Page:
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Utility pushing forward with original Jollyville WTP4 water main route

Monday, September 27, 2010 by Michael Kanin

The Austin Water Utility has decided to move forward with the original route for the first of three potential main water lines for its Water Treatment Plant 4 project. The announcement comes after the contractors assigned to oversee the design and construction of the Jollyville Transmission main issued a report that dismissed a proposal by some neighbors to reconfigure their efforts.


According to the report, changing the route for the Jollyville main would cost the utility up to $50 million more than the current route.


In the process, the utility also confirmed that it would downgrade the use of a shaft near a neighborhood off of Spicewood Springs Road. Instead of using the shaft as a working shaft, it will now be used as a retrieval shaft, According to a memo from City Manager Marc Ott, the change will reduce the amount of time for construction-related activity on that site from 36 months to 13 months.


Neither action seemed to placate residents of the area, whose late opposition to the new water treatment plant was stoked after officials began testing the area in May of this year.


Along with a widely dispersed email informing stakeholders of the city’s decision, the water utility also released the 27-page study by the engineering firm Black and Veatch to justify the utility’s case. Spicewood Springs resident Desmond D’Souza, who was intimately involved in a report issued by the neighborhood that called for a new route, remains skeptical of city motives.


“Several of us got a call from (AWU spokesman) Kevin Buchman on Friday morning about a meeting at 2:00 on Friday afternoon,” he told In Fact Daily via email. “This was a token courtesy to let us know what decision they had made a couple of hours after it was published to the web.”


According to the Black and Veatch report, D’Souza’s suggestion of the “Hybrid West-of-620” route, which would have followed a Pedernales Electric Cooperative easement around his neighborhood, “fails … in several areas.” The report says the route would cause “significant costs … unacceptable schedule delays … (and) (u)nacceptable permitting hurdles,” among other issues.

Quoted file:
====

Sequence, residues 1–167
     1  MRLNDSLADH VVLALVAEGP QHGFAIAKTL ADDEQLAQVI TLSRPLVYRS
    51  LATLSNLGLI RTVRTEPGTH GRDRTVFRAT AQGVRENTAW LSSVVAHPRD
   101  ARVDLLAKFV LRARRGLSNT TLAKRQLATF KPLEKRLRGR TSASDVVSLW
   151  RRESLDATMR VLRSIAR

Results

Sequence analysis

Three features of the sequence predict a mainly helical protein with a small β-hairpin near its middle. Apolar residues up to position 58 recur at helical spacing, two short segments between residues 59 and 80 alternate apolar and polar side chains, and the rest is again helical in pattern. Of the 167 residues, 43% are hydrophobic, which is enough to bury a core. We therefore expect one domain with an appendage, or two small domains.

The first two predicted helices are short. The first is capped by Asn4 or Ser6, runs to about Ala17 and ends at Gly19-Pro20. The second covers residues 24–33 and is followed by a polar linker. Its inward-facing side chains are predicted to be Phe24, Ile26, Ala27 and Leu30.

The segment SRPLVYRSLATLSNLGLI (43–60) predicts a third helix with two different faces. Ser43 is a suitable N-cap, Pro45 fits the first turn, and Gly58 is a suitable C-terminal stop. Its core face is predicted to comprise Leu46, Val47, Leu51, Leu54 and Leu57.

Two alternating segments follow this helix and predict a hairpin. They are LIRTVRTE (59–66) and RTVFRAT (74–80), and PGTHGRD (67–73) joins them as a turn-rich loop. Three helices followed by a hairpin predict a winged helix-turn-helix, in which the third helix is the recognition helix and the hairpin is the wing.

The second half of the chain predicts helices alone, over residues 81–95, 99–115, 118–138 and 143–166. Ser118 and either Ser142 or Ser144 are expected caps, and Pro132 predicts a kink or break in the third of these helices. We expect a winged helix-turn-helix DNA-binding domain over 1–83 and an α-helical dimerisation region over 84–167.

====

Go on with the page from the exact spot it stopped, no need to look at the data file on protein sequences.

It goes on to say that “trenching along the majority of the Pedernales Electric Cooperative easement presents significantly more (environmental) risk than all-tunnel alternatives.” According to the document, the Pedernales route would have to be trenched. The Jollyville line will be entirely underground.


A full compliment of related documents, including the study and a memo from Ott, is available at the utility’s Web site.

“Neither (the water utility) nor the City has done us any favors here,” D’Souza wrote. He said he and his colleagues had asked multiple times to meet with the water utility. “Instead we once again are presented with a ‘final’ result,” he said. “Just as (Austin Water) deliberately erased signs of the Shaft site from exhibits in August 2009, they deliberately kept this latest round carefully under wraps, with closed-door meetings and all. This mode of operating is exactly the same as before, nothing has changed.”

D’Souza said he has “no reason to believe” the “investigation was done with any sincere intent to see what the best Hybrid-620 solution could be.”

The change in the way the utility will use the Spicewood Springs shaft should dramatically reduce its impact on that neighborhood (see In Fact Daily, Sept. 8). Still, D’Souza said he has one question for Ott: Is the way the AWU is running the Jollyville project “representative of the kind of Good Government” the city manager has said is his goal for the city?

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